THIS MATTER is before the Court on initial review of pro se Plaintiff's Amended Complaint, (Doc. No. 12). Plaintiff is proceeding in forma pauperis. See (Doc. No. 7).
Pro se Plaintiff has filed a civil rights suit pursuant to 42 U.S.C. § 1983 for incidents that allegedly occurred at the Madison County Sheriff's Office. He names as Defendants Madison County Sheriff's Office Sergeants Denton Frances and Shealton.
Construing the Amended Complaint liberally and accepting it as true, Plaintiff was a pretrial detainee on April 26, 2018, when he was being transferred to Central Prison for safekeeping due to a dispute with another inmate/family member at Madison County Jail. Plaintiff was in full restraints in a cell when Plaintiff pulled away from a tight handcuff and he was choked by a Sgt. Shealton, placed in a chokehold, and tazed with Sgt. Frances' stun device. Plaintiff's hands were at his sides when he was tazed at least four times with a "dry stun" technique against his skin. A camera was ten to twelve feet away and might have captured the incident on camera. If Madison County cannot produce video of the confrontation, that is spoliation of evidence under the North Carolina Statutes.
Plaintiff sustained injuries including a broken hand. Plaintiff asks the Court to prosecute those involved in the breach of his rights and for damages.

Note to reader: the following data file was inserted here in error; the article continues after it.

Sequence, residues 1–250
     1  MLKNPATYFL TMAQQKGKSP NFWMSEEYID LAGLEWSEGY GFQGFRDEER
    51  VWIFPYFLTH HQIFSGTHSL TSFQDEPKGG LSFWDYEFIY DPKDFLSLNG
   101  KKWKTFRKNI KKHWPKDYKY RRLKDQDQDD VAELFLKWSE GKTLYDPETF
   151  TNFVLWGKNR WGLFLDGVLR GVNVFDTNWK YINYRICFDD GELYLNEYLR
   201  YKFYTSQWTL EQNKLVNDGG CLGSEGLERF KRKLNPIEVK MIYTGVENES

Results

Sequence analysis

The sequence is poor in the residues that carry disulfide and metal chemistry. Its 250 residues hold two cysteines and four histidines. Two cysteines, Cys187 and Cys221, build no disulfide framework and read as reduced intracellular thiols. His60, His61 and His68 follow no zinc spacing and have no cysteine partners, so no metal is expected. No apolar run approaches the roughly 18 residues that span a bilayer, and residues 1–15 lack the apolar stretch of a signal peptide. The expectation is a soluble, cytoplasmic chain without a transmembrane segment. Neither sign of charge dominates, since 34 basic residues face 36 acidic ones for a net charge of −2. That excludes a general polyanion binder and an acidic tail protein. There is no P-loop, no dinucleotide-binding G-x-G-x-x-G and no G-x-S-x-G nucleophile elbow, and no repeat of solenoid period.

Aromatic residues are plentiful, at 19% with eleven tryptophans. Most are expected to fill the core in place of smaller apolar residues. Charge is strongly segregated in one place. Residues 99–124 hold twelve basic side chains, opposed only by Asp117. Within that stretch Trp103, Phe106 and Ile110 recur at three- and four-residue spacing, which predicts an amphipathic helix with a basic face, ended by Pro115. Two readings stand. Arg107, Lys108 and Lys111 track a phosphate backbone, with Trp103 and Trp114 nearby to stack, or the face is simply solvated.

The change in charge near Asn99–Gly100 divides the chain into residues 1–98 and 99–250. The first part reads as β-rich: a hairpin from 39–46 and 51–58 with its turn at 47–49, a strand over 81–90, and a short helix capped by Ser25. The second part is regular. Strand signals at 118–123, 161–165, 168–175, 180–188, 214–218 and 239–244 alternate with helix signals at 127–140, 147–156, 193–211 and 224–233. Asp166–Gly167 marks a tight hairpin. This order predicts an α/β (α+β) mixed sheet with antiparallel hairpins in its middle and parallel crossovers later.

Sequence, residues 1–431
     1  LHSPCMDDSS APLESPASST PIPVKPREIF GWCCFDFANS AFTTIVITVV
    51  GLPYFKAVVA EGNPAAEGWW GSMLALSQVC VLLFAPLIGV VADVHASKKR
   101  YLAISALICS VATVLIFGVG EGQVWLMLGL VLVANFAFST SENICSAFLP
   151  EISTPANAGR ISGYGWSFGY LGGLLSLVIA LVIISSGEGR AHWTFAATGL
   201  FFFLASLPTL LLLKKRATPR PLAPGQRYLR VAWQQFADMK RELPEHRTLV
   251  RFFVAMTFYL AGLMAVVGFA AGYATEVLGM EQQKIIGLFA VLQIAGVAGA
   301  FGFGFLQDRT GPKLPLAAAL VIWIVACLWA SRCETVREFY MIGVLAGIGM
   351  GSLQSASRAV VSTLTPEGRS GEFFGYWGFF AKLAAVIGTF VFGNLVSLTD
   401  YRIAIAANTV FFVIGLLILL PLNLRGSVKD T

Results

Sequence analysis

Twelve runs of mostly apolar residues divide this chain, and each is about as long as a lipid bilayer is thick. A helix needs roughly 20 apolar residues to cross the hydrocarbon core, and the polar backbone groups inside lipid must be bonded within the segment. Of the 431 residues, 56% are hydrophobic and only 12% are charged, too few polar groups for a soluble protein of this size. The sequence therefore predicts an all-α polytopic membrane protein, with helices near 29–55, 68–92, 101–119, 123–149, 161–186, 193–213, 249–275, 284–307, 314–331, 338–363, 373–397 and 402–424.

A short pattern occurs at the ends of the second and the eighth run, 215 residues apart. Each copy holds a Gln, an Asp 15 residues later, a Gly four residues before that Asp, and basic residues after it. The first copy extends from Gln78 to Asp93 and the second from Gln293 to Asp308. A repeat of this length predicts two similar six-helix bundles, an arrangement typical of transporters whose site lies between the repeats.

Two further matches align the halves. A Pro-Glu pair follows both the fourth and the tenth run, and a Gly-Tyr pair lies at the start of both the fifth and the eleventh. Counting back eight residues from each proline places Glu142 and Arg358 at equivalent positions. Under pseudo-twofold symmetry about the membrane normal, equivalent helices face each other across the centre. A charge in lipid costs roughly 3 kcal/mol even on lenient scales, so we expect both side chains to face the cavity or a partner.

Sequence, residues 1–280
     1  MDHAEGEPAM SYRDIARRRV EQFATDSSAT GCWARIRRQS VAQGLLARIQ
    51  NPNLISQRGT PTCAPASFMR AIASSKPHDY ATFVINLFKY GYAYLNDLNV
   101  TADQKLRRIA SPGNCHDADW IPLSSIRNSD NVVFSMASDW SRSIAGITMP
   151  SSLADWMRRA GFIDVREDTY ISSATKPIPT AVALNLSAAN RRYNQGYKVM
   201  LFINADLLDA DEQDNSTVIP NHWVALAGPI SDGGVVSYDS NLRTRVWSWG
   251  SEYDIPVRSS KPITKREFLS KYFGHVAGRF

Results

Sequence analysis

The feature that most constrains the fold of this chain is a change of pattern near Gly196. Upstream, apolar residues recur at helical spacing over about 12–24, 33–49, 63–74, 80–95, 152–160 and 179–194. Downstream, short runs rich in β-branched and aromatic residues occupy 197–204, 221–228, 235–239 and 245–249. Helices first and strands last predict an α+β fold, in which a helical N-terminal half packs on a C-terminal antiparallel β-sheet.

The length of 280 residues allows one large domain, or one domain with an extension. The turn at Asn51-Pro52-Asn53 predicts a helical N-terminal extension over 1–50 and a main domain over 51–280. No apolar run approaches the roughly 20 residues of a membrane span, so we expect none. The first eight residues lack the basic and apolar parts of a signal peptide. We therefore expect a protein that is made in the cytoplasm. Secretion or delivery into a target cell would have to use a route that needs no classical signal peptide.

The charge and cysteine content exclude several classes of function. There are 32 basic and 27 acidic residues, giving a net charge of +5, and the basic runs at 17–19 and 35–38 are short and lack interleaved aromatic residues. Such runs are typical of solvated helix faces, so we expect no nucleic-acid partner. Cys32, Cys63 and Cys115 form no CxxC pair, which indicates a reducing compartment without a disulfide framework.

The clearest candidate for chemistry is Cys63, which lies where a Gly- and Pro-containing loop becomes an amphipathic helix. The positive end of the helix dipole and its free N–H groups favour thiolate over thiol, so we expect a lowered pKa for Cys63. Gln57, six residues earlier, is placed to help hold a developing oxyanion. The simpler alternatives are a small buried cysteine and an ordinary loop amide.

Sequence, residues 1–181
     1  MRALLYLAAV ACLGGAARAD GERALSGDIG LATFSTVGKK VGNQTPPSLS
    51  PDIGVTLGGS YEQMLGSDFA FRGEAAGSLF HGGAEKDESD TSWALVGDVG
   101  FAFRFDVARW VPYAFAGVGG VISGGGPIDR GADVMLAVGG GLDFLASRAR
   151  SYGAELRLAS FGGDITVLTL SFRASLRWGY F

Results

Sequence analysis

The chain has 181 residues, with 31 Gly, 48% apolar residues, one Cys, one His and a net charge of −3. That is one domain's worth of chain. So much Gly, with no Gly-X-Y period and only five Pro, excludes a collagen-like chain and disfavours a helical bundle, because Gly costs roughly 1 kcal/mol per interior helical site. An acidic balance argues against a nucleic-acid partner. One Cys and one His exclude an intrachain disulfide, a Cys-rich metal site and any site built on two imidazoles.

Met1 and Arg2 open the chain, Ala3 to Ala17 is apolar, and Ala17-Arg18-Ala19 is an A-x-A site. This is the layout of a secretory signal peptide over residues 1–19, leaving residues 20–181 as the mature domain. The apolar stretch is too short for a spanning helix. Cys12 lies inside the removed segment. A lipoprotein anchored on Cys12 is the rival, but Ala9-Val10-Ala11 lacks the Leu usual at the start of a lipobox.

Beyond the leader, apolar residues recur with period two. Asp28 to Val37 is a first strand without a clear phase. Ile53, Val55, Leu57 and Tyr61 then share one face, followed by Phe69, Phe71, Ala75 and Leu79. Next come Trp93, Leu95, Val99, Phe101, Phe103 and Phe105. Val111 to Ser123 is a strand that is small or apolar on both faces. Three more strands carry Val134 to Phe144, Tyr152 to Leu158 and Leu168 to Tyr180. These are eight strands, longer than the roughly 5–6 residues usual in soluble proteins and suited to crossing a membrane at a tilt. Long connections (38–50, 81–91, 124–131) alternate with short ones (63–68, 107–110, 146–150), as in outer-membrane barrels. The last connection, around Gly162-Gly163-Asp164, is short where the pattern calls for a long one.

II. STANDARD OF REVIEW
Because Plaintiff is a prisoner proceeding in forma pauperis, the Court must review the Complaint to determine whether it is subject to dismissal on the grounds that it is "(i) frivolous or malicious; (ii) fails to state a claim on which relief may be granted; or (iii) seeks monetary relief against a defendant who is immune from such relief." 28 U.S.C. § 1915(e)(2)(B). In its frivolity review, a court must determine whether the Complaint raises an indisputably meritless legal theory or is founded upon clearly baseless factual contentions, such as fantastic or delusional scenarios. Neitzke v. Williams, 490 U.S. 319, 327-28 (1989). A complaint should not be dismissed for failure to state a claim "unless 'after accepting all well-pleaded allegations in the plaintiff's complaint as true and drawing all reasonable factual inferences from those facts in the plaintiff's favor, it appears certain that the plaintiff cannot prove any set of facts in support of his claim entitling him to relief.'" Veney v. Wyche, 293 F.3d 726, 730 (4 Cir. 2002) (quoting Edwards v. City of Goldsboro, 178 F.3d 231, 244 (4 Cir. 1999)).